Fin, a nurse who has only been working three months, said: “We are just drowning. COVID has meant we have constant PPE, sweating litres every day, pressure injuries on our noses. I’ve been thrown into it. I have seen firsthand how stressed and tired everyone is. The opening of the country is a kick in the teeth. They have left us to cop all the new infections and COVID cases.

“The government always talks about Australians, especially in the floods, as being resilient people, but we have to be resilient because they are not giving us any help. It is interesting how much money goes to different places. The rich get richer and the people who really need it don’t get anything.

“I was working during the first strike, but nothing has changed since then. There should have been ambulance workers and other health workers here. We are all copping it the same way. The more of us here, the more we will be heard. I think there should have been a call for unified strike action by the union,” she said.

Karen, a mental health nurse in Sydney, stated: “Nurses need a voice and to let the government know that we are at breaking point, and we’ve had enough. Nurses are leaving in droves, especially the older nurses. It has created a brain drain on the system, because the younger nurses don’t get the mentorship they need. Ultimately, the health system is failing.”

Karen criticised the NSWNMA and other unions for preventing a broader mobilisation of workers, instead carrying out industrial action “one at a time.” She said: “It’s not going to work if not everybody stands up.”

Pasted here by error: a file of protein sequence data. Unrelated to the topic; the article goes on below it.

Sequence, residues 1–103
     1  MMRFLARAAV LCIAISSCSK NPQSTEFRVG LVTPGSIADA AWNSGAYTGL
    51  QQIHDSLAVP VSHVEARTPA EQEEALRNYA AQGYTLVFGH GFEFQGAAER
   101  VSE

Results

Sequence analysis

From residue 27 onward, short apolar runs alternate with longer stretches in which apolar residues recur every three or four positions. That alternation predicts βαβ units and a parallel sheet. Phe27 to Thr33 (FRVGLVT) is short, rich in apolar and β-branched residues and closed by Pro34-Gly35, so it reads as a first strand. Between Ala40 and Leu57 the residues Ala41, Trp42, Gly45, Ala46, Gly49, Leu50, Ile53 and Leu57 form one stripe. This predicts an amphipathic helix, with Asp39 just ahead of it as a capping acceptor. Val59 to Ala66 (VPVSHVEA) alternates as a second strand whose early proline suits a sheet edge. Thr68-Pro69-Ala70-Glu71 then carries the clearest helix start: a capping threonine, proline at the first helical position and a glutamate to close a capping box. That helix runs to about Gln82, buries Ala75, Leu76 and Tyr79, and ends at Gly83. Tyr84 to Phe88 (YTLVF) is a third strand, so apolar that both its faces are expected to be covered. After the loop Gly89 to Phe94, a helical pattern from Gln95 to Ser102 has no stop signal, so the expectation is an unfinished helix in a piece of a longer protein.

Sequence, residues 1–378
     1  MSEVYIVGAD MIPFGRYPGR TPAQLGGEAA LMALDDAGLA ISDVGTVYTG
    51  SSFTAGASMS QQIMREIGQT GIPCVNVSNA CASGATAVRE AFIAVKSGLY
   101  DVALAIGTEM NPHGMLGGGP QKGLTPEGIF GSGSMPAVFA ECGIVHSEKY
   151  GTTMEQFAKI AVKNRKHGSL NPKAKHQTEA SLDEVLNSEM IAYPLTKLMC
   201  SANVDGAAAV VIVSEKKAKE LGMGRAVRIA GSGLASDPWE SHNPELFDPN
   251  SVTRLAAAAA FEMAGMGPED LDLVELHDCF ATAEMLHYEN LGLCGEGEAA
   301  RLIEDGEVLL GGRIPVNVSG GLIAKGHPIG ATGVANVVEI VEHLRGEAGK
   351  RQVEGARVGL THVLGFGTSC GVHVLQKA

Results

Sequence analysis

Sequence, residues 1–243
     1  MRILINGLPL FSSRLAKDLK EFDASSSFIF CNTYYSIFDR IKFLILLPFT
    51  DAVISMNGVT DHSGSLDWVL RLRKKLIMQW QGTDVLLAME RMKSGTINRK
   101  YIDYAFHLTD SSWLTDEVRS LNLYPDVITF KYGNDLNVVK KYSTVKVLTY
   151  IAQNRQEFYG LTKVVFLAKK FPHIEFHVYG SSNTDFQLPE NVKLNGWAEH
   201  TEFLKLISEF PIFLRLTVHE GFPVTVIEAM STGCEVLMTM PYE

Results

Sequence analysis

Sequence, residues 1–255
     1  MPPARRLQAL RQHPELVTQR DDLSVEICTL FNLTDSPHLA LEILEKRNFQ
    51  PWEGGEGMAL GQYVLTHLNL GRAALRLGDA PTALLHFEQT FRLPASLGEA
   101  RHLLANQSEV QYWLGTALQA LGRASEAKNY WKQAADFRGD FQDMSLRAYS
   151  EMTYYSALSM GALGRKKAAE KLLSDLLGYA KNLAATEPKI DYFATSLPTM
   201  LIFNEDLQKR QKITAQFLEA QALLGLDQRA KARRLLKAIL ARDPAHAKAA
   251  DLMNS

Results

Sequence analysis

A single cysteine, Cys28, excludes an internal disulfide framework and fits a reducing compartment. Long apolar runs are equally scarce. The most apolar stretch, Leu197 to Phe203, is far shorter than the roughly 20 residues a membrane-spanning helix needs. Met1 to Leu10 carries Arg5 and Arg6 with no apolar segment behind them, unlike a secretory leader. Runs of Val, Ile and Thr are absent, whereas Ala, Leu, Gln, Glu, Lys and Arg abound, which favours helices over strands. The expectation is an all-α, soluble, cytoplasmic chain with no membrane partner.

Kaitlin, a nurse from Newcastle, said: “So many senior staff are leaving because of pay and conditions. These problems existed before COVID-19, but the pandemic has added all this additional pressure. Many nurses are going into early retirement. One could ask, why would they want to stay?

“There are a lot of people doing overtime, which isn’t just a couple of hours. Overtime means you are staying for another shift, such as a 10-hour night shift. How are you expected to make good decisions and keep people safe when you are working that many hours? What’s worse, it’s in our award that management can enforce ‘reasonable’ overtime.”

Kaitlin said it was “awful” that only public hospital nurses were included in the strike. She said: “I work at a semi-public, semi-private hospital and our branch said we can’t strike, or we would be fired on the spot. I came out during my free time after finishing my night shift, and I am back at work tonight.

“I used to be the secretary for the Belmont branch of the union, and I find it completely bizarre that the unions are not collaborating. Paramedics struck last week; we share the same issues on the job.”

Heather, a nurse from Port Macquarie, said: “Nurses, healthcare workers, paramedics, we all need to be going out together saying that we have had enough. Paramedics had a strike last week. Why aren’t we striking together with them?

“I’m past being burnt out, we’re just being exploited now. Every day I get text messages sent to my phone asking if I can fill in for shifts. It’s not one shift, it is multiple shifts across the hospital where gaps are not being filled.

“During the pandemic there have been black-out periods and booked annual leave was cancelled. A shift that starts at 7 a.m., with overtime, can extend to 9:30 p.m. or even longer. You can start at 1 p.m. and work right through until 7:30 a.m. You are lucky if you even get a break in that period. It is not uncommon for nurses to be staffed 1 to 6 patients in a single shift.

“I’m barely keeping my head above water, the cost of living has gotten so high. No one becomes a billionaire in their lifetime by doing a nine-to-five job, workers are exploited so a few people can get that rich. Look at Jeff Bezos for example at Amazon.”